Friday, September 2, 2011

Motivation in Sports

Justin Bourne wrote an article about finding motivation during the offseason when there's no hockey to be played (and thus no competition to be had).  I find myself identifying with Bourne's columns a lot, not because I have any great talent, but because my hockey "career" is only three years old.  His articles about finding your way and growing comfortable among skilled players resonate with me because I'm right there, albeit at a much lower level.

 Fuck you, it went in, didn't it?  This sums up my hockey career pretty well; ass-ugly appearance, good results.

What's interesting about this particular column is that I think a lot of us end up with the reaction "you make $$$, what more motivation do you need?"  For rec. athletes, there are no dollar signs, and for someone new to the game with (much) room for improvement, the motivation has to come from somewhere else.

I understand that it's a rec. league and that the objective is to have fun, so you won't find me hitting the weight room six days a week or skating for hours on end, but I do have high expectations for myself.  I guess that's where my motivation comes from, knowing what I'm capable of and working on the necessary skills to get to that point.  Of course it also helps to play pick-up games with guys that played college hockey and watch them do something and think, "that was awesome, I want to learn how to do that."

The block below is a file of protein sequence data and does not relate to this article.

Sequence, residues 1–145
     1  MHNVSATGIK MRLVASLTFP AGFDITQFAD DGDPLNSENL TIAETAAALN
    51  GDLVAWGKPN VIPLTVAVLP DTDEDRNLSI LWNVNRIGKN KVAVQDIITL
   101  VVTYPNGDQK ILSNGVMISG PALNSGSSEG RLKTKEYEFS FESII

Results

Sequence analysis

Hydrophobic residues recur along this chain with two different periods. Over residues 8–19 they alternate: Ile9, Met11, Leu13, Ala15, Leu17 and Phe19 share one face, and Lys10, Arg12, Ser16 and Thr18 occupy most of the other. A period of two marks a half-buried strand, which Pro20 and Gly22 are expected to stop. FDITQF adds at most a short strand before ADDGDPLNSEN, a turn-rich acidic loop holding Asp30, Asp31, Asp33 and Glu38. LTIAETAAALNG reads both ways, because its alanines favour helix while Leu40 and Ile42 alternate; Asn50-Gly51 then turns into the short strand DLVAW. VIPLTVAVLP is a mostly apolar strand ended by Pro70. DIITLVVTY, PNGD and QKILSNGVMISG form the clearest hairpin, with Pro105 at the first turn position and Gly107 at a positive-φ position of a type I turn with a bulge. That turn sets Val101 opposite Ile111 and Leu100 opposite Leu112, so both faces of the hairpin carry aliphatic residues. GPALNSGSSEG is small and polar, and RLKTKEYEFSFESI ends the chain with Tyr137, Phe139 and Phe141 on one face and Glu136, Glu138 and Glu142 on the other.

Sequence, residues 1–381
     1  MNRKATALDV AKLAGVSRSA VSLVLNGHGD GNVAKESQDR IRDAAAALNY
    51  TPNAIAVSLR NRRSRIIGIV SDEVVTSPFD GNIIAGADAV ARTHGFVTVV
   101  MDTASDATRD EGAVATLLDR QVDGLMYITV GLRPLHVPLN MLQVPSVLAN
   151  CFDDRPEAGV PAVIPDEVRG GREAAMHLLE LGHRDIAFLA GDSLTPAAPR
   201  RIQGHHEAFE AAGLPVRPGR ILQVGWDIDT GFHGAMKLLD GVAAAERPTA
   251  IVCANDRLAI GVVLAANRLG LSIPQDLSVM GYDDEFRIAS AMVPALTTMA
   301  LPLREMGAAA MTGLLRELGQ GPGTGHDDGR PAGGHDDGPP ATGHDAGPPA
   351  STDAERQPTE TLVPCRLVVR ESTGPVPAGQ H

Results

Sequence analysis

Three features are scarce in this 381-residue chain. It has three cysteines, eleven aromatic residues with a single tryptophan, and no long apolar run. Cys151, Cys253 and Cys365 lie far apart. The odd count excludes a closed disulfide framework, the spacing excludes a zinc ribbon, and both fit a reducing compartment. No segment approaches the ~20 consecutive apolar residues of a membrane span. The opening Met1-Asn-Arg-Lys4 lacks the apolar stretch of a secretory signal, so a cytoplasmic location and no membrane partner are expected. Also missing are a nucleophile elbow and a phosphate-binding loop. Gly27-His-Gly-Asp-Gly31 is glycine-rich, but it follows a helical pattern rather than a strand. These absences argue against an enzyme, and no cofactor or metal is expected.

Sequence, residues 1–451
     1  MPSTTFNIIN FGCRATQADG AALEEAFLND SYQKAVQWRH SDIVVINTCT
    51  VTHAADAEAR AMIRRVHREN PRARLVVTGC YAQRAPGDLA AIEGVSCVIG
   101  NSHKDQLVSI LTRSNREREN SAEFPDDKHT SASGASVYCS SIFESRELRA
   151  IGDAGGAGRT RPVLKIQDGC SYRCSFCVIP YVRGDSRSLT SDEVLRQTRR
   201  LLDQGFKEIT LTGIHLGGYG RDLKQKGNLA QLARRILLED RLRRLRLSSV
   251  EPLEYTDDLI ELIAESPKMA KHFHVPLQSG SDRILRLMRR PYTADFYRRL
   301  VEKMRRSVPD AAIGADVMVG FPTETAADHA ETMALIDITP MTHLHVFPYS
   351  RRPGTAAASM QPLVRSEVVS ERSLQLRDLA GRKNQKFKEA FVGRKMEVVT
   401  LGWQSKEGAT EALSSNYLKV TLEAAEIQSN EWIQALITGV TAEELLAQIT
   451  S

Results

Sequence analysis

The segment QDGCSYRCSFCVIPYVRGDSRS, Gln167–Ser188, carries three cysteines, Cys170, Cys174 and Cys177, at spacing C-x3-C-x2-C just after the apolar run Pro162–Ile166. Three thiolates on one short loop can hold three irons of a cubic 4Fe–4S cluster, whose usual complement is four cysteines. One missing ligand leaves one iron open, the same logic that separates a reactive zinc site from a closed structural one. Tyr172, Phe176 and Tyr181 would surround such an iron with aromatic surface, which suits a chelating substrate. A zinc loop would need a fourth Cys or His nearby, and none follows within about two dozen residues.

There are two paths I think, "eh, it's a rec. league, who cares," and "I know I can play better than this."  I've never been one for complacency so I've always chosen the latter, something that has led teammates to refer to me as both Crash (because if you don't lose an edge every once in a while, you're not trying hard enough), and the James Brown (The hardest working man in show business) of Hockey.  I think the worst feeling in the world is to step into the locker room after a game, any game, and not feel at least a little tired and sore.  I hate driving home thinking that I could have done more, or I could have skated harder, regardless of the Rec. League status.  That's where my motivation comes from night in and night out.  If I can satisfy that requirement, I find that my other goals, being a good teammate, winning, and putting up points come pretty easy.

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